Ulcerative colitis (UC), a chronic inflammatory bowel disease (IBD) affecting 2.5 million individuals worldwide, is marked by the inflammation and ulceration of the colonic mucosa, or innermost lining, which may lead to bloody stools, severe diarrhea and frequent abdominal pain. Tiny open sores, or ulcers, form on the surface of the lining, where they bleed and produce pus and mucus. Symptoms of the disease may lead to loss of appetite, subsequent weight loss and fatigue. On average, people are diagnosed with UC in their mid-30s, but the disease can occur at any age. Between 25 and 40 percent of people living with UC will require surgery at some point in their life. UC is a chronic disease, and there is no cure. Although progress has been made in IBD research, researchers do not know what causes this disease.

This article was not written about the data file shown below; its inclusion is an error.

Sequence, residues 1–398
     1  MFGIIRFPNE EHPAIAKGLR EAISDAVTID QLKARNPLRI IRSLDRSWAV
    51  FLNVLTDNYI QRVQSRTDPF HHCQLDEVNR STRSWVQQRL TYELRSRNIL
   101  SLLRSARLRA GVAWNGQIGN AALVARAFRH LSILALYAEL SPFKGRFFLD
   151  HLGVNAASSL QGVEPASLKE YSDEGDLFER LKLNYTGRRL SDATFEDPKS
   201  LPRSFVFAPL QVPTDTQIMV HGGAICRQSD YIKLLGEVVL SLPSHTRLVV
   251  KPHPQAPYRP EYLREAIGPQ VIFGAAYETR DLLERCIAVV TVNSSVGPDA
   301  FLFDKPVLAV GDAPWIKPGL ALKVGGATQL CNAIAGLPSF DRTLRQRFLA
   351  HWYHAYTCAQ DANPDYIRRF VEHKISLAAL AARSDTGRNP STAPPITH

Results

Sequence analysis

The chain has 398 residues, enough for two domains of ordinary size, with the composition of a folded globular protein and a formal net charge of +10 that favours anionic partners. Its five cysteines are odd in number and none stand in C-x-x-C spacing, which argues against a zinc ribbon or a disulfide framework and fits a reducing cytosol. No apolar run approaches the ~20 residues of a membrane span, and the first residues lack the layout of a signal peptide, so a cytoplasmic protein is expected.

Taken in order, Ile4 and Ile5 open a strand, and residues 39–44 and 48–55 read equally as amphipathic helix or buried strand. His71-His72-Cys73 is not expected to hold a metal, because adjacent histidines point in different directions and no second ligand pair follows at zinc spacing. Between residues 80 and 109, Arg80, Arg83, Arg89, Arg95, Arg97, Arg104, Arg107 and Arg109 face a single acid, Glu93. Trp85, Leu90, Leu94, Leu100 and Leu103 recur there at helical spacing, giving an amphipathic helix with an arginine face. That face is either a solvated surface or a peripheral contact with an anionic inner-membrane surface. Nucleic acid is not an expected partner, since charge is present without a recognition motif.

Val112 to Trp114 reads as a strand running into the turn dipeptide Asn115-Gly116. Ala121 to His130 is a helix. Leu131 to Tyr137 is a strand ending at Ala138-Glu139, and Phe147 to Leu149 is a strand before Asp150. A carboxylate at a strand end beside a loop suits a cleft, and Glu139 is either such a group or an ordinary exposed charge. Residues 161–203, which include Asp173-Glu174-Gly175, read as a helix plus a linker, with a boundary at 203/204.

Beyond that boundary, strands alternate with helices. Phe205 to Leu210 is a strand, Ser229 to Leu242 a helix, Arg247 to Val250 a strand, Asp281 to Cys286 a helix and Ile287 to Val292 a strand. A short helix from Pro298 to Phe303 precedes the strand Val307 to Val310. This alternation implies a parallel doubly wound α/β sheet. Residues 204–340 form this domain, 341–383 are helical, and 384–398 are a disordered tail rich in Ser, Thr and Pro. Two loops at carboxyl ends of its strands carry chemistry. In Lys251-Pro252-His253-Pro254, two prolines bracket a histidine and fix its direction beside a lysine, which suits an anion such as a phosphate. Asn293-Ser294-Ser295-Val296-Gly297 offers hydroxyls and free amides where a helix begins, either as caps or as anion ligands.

SIMPONI is a human monoclonal antibody that targets and neutralizes excess TNF-alpha, a protein that when overproduced in the body due to chronic inflammatory diseases can cause inflammation and damage to bones, cartilage and tissue. SIMPONI is approved in 52 countries for rheumatologic indications, including the United States, where SIMPONI received FDA approval in April 2009 for the treatment of moderately to severely active rheumatoid arthritis (RA) with the medicine methotrexate, active psoriatic arthritis alone or with the medicine methotrexate and active ankylosing spondylitis, and in the European Union (EU), where SIMPONI received European Commission approval in October 2009 for the treatment of moderate-to-severe, active RA in combination with methotrexate, for the treatment of active and progressive psoriatic arthritis alone or in combination with methotrexate and for the treatment of severe, active ankylosing spondylitis. SIMPONI is available either through the SmartJect® autoinjector/prefilled pen or a prefilled syringe as a subcutaneously administered injection.